Wednesday, November 9, 2011

Where to Start?

"The first sentence is always the most difficult."

That's the post I saw on Twitter from my blogger-friend, Ashley.  Her statement is true: the first sentence is the most difficult to write. It's also the most important.

Katie: I never write it first.
Ashley: What do you write first? I tried the last chapter one time. Failed miserably.
Katie: Somewhere. Usually towards the beginning.

This conversation made me ponder my own writing habits and wonder about yours.  So, in the spirit of National Novel Writing Month (NaNoWriMo): where do you start when you're writing?

It doesn't necessarily have to be a novel.  It could be a blog post, a poem, or a song.  Where do you start?

Like I told Ashley, I start somewhere towards the beginning but not usually the first line.  The first line is probably the most important line of the novel (or post).  I've heard of people who collect first lines.  The first line is vital, so why start with something so important?

I start later. I have a temporary first line, write the brunt of the piece, and then adjust the first line to be the stunning opening line it should be.  I don't think I write good first lines (except in that one post from Philly last November; that was a killer first line, if I may say so).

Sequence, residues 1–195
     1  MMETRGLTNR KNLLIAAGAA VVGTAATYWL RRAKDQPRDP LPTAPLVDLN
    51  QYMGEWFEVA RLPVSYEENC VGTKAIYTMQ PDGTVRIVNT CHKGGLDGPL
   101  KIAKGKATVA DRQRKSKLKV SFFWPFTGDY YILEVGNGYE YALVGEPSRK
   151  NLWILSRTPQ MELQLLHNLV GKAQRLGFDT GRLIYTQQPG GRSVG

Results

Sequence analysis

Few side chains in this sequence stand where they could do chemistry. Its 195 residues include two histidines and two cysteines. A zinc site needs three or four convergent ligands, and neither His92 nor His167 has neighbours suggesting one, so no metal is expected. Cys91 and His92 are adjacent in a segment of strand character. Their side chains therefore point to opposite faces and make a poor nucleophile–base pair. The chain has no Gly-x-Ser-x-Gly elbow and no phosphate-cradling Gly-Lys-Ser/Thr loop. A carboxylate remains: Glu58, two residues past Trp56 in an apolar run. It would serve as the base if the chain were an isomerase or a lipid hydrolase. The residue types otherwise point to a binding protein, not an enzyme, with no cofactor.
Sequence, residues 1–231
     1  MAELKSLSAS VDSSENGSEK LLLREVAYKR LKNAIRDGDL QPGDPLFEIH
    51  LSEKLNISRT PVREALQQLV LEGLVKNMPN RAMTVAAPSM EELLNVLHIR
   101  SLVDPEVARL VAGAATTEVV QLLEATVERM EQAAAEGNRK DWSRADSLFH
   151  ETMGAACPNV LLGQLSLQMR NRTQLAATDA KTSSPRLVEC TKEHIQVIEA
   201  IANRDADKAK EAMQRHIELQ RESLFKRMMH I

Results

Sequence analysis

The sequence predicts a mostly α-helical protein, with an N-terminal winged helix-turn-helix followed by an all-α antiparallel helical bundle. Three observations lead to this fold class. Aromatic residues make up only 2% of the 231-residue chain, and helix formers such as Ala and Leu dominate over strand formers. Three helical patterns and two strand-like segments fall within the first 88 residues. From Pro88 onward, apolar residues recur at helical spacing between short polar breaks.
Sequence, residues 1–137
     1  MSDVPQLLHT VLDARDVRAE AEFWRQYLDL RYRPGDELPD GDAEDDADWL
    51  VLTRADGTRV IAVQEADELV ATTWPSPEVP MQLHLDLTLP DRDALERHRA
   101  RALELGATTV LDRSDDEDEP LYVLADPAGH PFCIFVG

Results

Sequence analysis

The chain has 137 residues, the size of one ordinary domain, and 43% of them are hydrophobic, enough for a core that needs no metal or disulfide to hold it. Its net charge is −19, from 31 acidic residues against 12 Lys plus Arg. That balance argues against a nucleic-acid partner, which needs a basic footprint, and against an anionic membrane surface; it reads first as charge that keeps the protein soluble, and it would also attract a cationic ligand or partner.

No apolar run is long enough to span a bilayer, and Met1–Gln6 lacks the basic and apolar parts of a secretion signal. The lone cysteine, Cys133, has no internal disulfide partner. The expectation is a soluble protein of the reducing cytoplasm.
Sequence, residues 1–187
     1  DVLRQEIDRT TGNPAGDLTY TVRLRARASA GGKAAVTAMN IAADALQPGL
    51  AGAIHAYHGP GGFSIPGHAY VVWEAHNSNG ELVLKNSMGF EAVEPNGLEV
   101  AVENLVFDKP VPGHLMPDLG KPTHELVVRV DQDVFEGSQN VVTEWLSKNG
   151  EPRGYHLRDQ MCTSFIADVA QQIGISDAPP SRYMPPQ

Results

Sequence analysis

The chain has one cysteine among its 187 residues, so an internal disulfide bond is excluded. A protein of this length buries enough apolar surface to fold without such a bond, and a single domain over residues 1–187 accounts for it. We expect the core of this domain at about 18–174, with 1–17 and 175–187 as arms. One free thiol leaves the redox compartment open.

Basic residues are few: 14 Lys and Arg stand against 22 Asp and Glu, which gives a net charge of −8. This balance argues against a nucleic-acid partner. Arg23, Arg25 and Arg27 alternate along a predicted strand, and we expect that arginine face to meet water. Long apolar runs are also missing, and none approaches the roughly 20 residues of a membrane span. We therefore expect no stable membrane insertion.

I like backstory.  I like to set the scene.  I don't like to jump right in and make the reader try to tread water while he/she is figuring out how deep the lake is and who else is in it.  I write like I think sharks should come with big huge arrows in the sky pointing to them.  But, I have been told that the first line is an awful place for backstory.  What are your thoughts?

Ashley mentioned she tried starting at the end once.  That's what I have in my NaNoWriMo novel: the beginning (sans opening line) and the end.  Now I'm sitting here like a child on Christmas as my parents open their gifts from me and I'm telling them what it is before the paper is off.

I'll ask it again: where do you start?  And why?

I guess it doesn't matter much as long as you start somewhere.

Happy writing,
<>< Katie

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